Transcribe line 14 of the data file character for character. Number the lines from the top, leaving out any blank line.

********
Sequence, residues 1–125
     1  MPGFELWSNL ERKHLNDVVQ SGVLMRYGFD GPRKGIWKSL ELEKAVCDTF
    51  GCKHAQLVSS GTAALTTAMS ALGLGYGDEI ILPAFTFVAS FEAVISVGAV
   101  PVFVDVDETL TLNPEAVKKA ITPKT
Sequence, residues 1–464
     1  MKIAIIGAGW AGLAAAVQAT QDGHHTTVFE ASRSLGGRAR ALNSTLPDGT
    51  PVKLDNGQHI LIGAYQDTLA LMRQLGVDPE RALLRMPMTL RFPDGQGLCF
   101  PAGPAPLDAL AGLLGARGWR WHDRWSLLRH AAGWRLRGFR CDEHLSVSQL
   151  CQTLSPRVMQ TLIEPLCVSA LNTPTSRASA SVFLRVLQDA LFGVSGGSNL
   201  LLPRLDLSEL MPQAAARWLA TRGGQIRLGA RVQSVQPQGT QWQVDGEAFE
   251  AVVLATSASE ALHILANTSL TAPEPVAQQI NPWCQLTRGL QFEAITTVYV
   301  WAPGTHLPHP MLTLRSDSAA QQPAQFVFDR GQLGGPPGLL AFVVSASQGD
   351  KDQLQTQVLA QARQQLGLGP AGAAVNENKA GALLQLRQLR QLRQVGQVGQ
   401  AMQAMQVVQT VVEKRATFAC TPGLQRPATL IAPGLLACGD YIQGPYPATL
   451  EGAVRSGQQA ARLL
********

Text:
   401  AMQAMQVVQT VVEKRATFAC TPGLQRPATL IAPGLLACGD YIQGPYPATL